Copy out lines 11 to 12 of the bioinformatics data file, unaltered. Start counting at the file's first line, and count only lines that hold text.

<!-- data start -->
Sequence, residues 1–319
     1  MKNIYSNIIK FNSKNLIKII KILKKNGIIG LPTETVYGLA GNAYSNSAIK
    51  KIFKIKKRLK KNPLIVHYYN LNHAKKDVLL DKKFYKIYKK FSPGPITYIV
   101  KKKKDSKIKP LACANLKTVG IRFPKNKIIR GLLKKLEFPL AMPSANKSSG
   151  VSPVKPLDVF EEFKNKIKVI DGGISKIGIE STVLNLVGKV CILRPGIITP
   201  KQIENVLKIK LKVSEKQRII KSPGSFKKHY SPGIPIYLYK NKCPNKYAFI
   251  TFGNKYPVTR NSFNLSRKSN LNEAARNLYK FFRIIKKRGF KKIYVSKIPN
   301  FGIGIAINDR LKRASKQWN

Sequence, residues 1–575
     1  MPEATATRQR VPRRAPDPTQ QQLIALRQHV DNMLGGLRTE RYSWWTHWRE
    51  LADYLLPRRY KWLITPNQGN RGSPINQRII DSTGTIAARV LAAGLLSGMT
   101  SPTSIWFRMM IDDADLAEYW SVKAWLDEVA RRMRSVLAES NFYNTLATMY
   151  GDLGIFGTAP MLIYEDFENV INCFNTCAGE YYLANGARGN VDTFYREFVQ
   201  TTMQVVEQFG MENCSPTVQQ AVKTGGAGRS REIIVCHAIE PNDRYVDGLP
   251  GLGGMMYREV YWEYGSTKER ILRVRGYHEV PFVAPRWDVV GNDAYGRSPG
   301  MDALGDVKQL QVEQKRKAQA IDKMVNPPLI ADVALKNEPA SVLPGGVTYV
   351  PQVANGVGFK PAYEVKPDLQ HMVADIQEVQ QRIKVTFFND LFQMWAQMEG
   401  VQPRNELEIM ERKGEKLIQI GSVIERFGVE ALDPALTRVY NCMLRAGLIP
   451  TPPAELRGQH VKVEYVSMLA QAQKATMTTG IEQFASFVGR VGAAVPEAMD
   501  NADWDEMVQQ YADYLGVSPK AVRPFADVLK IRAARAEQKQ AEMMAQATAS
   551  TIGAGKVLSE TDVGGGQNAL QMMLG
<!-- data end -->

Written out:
    51  LADYLLPRRY KWLITPNQGN RGSPINQRII DSTGTIAARV LAAGLLSGMT
   101  SPTSIWFRMM IDDADLAEYW SVKAWLDEVA RRMRSVLAES NFYNTLATMY